There are a number of books in the Morpurgo Christmas collection which as worth collecting not only for their stories but just because, also, they are a rather jolly size. That square little book which is appealing to fit in your hands and curl up with. 'Mimi and the Mountain Dragaon' is this year's 'collectable'. A sweet little story with a different twist to tale of being warm hearted because it has a Christmas DRAGON in it. The dragon is befriended ( I don't want to say too much more) by the singing of 'Sweet bells'. Take a look above at the Kate Rusby version if you don't know it. It'll make you feel Christmassy I promise.
A dedication to spur us on from Carolina Rabei: 'to my family, friends and teachers who always encouraged me to do what I love'.
A STARTER FOR CHRISTMAS:
Beautiful poem by Walter de la Mare with original illustrations by Carolina Rabei in this just perfect picture book. The stillness of the snow and the excitement of Christmas is conveyed with print making,a few muted colours and which makes the red stand out-they're very striking because of it.
For anybody afraid of poetry it's also a wonderful way in to enjoying language...if it does snow before Christmas it's a sure fire inspiration/stimulus for some wintery poems.
BUT-above all it's a book worthy of a place in your Christmas collection because it retains the wonder and magic without being naf and commercial.
SNOW by Walter de la Mare
No breath of wind,
No gleam of sun –
Still the white snow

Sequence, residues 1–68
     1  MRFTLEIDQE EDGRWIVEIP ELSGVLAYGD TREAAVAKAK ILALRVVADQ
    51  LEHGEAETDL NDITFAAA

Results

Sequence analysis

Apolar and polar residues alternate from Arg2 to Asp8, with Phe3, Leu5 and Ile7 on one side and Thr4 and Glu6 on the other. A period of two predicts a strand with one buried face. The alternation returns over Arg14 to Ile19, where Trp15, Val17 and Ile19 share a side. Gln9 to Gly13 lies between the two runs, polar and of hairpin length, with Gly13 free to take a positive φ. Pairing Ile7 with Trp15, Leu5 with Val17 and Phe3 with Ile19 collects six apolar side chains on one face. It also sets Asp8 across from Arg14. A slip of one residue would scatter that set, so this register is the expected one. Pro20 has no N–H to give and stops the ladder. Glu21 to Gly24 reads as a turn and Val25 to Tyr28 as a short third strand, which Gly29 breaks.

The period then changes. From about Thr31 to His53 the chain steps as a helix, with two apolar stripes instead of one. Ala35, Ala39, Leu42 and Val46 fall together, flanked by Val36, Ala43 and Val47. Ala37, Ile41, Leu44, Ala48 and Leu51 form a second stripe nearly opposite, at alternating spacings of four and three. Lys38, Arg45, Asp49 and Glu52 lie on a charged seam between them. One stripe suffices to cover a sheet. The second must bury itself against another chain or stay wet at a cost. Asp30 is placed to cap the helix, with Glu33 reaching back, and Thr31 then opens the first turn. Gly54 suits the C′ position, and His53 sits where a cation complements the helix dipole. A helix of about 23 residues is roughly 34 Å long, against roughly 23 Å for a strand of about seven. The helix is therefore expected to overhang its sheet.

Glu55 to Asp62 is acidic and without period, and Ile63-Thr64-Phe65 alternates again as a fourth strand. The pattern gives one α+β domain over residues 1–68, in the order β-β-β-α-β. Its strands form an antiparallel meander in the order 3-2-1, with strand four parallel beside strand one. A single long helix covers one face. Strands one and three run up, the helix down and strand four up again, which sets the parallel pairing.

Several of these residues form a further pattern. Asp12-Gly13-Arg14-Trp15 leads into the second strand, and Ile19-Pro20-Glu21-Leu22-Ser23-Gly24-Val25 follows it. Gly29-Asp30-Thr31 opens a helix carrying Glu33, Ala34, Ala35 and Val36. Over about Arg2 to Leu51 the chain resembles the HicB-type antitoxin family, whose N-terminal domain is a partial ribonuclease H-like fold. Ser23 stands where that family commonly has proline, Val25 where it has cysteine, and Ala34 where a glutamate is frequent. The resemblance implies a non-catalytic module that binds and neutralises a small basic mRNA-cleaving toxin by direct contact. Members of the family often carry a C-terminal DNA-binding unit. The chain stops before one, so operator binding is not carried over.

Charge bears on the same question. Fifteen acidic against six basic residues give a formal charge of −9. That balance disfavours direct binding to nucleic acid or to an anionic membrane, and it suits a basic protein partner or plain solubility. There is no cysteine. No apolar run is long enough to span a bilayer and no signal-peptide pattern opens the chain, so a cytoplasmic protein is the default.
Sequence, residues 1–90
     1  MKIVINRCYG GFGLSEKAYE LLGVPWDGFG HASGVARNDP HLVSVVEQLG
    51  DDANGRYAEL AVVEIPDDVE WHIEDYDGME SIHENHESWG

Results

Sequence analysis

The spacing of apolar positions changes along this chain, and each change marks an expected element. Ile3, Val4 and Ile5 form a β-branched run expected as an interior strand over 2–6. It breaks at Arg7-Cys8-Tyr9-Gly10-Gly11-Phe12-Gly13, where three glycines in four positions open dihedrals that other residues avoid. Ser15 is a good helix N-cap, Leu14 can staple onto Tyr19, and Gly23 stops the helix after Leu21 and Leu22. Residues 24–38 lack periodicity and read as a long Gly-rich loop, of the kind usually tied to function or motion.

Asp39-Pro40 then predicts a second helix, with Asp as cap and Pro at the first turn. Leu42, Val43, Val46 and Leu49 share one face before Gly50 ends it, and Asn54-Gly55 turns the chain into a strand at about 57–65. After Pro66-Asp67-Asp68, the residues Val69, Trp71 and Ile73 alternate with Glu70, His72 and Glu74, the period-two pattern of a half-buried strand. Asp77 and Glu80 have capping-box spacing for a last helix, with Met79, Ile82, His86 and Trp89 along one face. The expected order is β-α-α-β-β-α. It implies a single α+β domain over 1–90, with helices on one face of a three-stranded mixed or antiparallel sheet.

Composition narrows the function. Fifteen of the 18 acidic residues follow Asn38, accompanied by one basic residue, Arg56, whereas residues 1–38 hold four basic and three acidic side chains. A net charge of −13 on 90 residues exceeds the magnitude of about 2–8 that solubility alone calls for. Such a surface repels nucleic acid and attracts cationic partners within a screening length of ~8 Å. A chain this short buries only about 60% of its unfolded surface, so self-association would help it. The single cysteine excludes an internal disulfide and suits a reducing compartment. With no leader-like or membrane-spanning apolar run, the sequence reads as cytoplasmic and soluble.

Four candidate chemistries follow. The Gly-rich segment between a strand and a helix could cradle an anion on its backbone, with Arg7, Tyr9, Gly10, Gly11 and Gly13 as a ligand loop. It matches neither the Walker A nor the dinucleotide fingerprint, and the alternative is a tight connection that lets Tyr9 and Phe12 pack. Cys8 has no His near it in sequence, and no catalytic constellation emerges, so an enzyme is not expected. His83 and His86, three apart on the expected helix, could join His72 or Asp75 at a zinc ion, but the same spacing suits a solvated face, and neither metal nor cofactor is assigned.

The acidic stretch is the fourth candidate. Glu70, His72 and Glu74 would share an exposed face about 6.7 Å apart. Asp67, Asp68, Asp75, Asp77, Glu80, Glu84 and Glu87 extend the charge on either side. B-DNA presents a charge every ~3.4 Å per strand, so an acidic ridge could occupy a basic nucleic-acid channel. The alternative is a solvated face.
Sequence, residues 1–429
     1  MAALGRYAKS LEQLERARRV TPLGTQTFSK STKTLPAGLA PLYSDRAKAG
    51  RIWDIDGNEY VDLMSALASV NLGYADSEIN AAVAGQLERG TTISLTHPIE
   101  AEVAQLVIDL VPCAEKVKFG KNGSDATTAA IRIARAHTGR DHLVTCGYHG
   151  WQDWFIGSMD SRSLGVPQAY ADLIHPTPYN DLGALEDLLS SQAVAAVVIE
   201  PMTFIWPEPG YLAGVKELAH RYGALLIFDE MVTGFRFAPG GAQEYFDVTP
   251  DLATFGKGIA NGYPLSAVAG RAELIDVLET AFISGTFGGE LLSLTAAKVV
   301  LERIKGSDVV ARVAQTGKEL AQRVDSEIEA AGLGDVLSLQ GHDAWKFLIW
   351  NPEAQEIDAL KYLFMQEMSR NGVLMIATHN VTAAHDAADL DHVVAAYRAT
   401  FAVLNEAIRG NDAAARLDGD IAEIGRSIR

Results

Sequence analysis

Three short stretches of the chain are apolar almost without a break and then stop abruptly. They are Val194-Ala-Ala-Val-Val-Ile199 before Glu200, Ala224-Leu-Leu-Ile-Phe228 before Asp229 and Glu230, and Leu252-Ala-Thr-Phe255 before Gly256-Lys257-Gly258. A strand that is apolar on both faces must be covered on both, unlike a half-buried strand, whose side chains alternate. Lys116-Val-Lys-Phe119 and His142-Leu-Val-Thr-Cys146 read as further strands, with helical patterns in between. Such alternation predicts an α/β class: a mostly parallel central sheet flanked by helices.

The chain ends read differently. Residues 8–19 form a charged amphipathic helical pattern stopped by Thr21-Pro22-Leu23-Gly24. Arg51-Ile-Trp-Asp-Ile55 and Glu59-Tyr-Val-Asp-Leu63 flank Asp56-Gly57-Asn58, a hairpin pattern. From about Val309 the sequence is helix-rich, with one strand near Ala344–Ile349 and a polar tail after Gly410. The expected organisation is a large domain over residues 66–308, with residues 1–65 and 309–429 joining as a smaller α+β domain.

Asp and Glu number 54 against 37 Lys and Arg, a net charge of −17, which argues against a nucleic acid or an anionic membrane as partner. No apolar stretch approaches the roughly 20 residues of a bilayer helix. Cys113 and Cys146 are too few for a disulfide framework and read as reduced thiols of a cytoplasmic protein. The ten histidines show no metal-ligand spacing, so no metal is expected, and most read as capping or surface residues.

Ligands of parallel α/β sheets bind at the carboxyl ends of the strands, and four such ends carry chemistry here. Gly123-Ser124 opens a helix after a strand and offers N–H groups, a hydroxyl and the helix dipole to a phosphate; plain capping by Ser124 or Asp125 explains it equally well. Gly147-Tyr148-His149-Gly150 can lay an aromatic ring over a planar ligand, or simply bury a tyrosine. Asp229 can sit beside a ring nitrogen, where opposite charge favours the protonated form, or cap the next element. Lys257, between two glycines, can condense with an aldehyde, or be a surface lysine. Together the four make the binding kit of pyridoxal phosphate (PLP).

Whirls softly down
Twig and bough
And blade and thorn
All in an icy
Through the air
On still and stone,
Roof, - everywhere,
It heaps its powdery
Of every tree
A mountain makes;
‘Til pale and faint
At shut of day
Stoops from the West
One wint’ry ray,
And, feathered in fire
Where ghosts the moon,
A robin shrills
His lonely tune.
'Hauntings are our business' -they can be yours too if you read 'The Whispering skull' by Jonathan Stroud.
The next instalment of Lockwood&Co has been a good read this week. The first one has been very eagerly received by the pupils in Year 5/6 I've been working with this week. They're all itching to read the first one-in fact I better get hold of some more copies. They really liked the sound of it AND the look of it too.
'The Whispering Skull' is a fast paced, suspenseful where you get to know Lucy, George and Anthony Lockwood a little bit more. I really liked the characters in the first book and the dynamics between them-there's lots of humour in the book again too. It would definitely appeal to 10+ as I said above it certainly does to the ones I know! We find out more about the skull housed in Lockwood's house, see more of the character's world. There's some interesting new characters including a mud larker along the Thames which I could imagine really week having been along the little beaches recently. Rivalry with the largest 'Fittes' agency abounds in the book.
It's a scary read (but not too much because there's lots of quips and put downs between the characters to relieve the tension) with enough mystery to keep you hooked. Get reading!